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Washington Post journalist Glen Kessler, who wrote up the now infamous Condi Rice interview at Stanford from a YouTube video without mentioning his source, has now begun assaulting the new Obama administration with a series of unsubstantiated and tendentious claims about ‘human rights.’

Kessler now has attempted to portray a new administration unconcerned with human rights – through Kessler’s own structural confusion between concern for human rights and hawkish foreign policy.  Thus, quoting the present executive director of Freedom House (whose ‘freedom’ index is modeled, as Wikipedia notes, on that of the Heritage Foundation), Obama and the new crew may, in terms of sanctioning human rights ‘pariah’ regimes like Burma and Sudan, have ‘some good people’, but their ‘instinct’ is to ‘abandon everything President Bush stood for.’  

‘Human rights activists’, Kessler claims, are afraid the ‘pendulum’ will swing away from Bush’s ‘freedom’ and anti-tyranny agenda.  Whose activists? Which rights?  

The critics include:

• AEI’s neo-conservative Joshua Muravchik (‘freedom agenda’ = model of US manifest destiny via his variant of how the US strategies for Exporting Democracy (1991), viz., government and constitution as a commodity;
Lorne Cramer, Bush’s former Asst. Sec. for Human Rights at State (enough said);
Omar Ismail, described as an influential human rights activist from Darfur (which maybe true), except that the only reference to him available via Google News is a March 3rd Dallas Morning News article on the subject of Darfur by Jessica Meyers based on a group that organized a conference at Southern Methodist University in Dallas, where Ismail has lived now for ten years after escaping ‘to Egypt’ after being jailed and tortured by the Sudanese regime;
Eric Reeves, a Literature Professor at Smith College who can indeed be said to be a Darfur activist campaigning there for human rights.

The links on Reeves’ web-page do get us to some ‘human rights activists’ if this is associated with known organizations with known campaigns and known members.  Reeves lists: Physicians for Human Rights, Amnesty International, Human Rights Watch, International Crisis Group, and Refugees International.  

I wonder why Mr. Kessler did not try to call these organizations for an assessment of how the ‘human rights’ outlook of the new Administration is shaping up?  

Originally posted to John Ely on Tue May 05, 2009 at 03:47 PM PDT.

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Comment Preferences

  •  Freedom House (0+ / 0-)

    did just downgrade Israel's freedom of the press to "partly-free", from 'free", still tops in the region, though..  

    Those who hear not the music-think the dancers mad

    by Eiron on Tue May 05, 2009 at 03:52:44 PM PDT

  •  Human Rights... (1+ / 0-)
    Recommended by:
    Bronx59

    The Obama admin is trying a new approach called "diplomacy" rather than hectoring nations w/ rhetoric...so lets see if it works.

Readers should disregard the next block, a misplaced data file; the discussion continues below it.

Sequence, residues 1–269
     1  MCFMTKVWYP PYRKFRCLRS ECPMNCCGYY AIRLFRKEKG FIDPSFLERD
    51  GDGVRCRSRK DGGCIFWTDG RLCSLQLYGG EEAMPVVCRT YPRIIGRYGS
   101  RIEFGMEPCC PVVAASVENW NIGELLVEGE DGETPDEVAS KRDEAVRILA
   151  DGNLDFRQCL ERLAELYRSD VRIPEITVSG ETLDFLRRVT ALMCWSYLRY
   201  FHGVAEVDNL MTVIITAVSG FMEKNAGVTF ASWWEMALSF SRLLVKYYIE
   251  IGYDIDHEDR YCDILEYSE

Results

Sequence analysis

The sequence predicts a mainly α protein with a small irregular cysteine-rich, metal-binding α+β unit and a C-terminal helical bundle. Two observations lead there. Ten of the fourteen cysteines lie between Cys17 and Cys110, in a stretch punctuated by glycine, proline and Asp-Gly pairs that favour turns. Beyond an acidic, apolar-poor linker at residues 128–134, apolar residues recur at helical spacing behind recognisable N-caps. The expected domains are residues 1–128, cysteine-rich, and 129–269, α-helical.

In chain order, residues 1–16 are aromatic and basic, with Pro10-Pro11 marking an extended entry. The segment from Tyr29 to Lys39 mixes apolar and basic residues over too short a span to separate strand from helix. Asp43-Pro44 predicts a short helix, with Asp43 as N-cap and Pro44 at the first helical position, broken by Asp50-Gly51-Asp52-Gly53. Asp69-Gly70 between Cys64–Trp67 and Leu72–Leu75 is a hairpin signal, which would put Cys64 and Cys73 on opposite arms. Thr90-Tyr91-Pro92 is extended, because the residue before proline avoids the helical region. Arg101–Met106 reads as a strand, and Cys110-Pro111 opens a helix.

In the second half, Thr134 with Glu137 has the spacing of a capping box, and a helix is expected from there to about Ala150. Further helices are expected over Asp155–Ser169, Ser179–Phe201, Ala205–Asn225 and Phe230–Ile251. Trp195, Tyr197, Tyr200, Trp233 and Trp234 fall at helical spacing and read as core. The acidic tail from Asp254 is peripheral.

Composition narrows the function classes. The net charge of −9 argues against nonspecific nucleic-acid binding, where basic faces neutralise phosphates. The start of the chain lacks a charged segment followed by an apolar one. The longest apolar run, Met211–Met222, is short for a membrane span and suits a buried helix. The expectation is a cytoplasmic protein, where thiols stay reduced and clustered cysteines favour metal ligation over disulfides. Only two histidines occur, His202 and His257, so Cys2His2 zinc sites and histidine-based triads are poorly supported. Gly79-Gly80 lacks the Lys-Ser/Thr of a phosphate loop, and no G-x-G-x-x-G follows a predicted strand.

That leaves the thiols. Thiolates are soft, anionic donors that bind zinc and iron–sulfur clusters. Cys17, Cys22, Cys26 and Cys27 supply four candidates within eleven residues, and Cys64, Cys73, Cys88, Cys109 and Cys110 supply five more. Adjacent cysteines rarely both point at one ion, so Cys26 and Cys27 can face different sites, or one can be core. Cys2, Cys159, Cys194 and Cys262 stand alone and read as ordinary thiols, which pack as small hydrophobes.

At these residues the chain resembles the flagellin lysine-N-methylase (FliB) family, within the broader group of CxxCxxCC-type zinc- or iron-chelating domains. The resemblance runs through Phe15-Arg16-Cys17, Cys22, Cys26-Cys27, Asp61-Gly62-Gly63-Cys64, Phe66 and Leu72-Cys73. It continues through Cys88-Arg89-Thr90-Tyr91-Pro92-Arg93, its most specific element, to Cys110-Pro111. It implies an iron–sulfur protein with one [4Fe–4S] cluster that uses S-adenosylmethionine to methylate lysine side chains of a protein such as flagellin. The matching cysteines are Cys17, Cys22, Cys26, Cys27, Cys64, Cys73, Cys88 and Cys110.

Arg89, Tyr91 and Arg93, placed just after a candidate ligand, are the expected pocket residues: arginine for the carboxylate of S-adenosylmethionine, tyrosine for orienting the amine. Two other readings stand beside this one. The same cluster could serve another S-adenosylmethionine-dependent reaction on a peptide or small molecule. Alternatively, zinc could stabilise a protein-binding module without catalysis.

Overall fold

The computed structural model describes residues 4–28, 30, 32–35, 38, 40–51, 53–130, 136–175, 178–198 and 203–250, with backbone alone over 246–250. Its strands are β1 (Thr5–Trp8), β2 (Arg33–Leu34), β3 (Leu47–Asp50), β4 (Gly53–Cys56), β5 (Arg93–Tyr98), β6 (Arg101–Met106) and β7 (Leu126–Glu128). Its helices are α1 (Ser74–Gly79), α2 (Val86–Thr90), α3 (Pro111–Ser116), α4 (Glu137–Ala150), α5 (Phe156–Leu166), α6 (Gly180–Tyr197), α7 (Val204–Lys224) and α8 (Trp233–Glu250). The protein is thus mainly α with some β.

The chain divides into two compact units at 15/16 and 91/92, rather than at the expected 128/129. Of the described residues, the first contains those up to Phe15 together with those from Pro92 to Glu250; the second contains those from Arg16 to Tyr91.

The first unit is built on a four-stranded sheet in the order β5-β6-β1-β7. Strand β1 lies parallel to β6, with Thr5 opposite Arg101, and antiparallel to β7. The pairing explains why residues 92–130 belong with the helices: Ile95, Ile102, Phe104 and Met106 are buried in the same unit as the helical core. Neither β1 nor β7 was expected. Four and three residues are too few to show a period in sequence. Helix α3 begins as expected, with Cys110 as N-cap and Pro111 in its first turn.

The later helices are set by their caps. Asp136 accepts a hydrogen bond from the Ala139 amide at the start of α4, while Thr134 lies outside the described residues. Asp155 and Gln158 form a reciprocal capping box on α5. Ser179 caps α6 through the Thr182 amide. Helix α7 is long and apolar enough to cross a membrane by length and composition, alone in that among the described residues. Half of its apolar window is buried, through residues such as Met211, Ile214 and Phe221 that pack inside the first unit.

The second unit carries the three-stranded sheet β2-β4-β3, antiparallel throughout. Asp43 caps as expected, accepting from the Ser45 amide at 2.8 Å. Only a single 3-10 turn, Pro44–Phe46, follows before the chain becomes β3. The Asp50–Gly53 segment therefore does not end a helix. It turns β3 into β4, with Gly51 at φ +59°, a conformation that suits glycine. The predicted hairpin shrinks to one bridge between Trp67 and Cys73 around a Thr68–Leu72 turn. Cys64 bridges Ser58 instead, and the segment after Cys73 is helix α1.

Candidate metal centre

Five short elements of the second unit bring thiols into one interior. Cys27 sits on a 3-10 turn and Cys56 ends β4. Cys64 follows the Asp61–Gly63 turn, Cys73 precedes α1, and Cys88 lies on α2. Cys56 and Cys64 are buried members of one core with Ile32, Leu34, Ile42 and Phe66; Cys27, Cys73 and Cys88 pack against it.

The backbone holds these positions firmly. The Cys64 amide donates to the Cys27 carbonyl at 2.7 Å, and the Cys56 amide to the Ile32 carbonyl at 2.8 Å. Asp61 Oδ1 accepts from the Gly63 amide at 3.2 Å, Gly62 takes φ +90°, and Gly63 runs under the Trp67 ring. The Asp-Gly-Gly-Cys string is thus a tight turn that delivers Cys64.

Hopefully they don't ignore human rights in an effort to pursuade dictators & thugs.

  •  Erm. (6+ / 0-)

    If President Obama's views on human rights are at odds with the Bush administration's, then we have nothing at all to worry about. That is the best news this country could get.

    "ENOUGH!" - President Barack Hussein Obama

    by indiemcemopants on Tue May 05, 2009 at 04:00:31 PM PDT

  •  Not many are being fooled by (3+ / 0-)
    Recommended by:
    esquimaux, Alohilani, Floande

    the punditry anymore.  And I consider any media critic who is (obviously) not dealing in fact a pundit. Kesslwhore missed the pundit watercraft by a couple years; he's gonna be floundering in that netherworld surf until his paycheck is gone.  And unless the press gets its credentials back REAL quick, it won't be long.

    When in God's name did fact-checking go out of favor with "journalists"?  Matter of fact, when did journalism go out of style with journalists?  

    When in doubt, tweak the freeqs.

    by wozzle on Tue May 05, 2009 at 04:24:37 PM PDT

  •  Privacy (0+ / 0-)

    seems to be a low priority for this administration.. thats very troubling, because the situation is really spiraling out of control fast.

  •  As a dedicated, senior human rights activist (2+ / 0-)
    Recommended by:
    C S McCrum, Alohilani

    I can say that while on the issue of prosecuting those who set up the torture regime we do disagree with the White House, this administration has gotten off to a stellar start on the human rights agenda. Banning torture, shutting down the secret prisons, and shutting down Guantanamo have done more for the credibility of the US's commitment to human rights than anything I've seen. With Hillary Clinton at State, Susan Rice at the UN and Samantha Power at the NSC I can't think of a stronger human rights team in American history.

    Give me liberty, or give me death!

    by salsa0000 on Tue May 05, 2009 at 04:32:42 PM PDT

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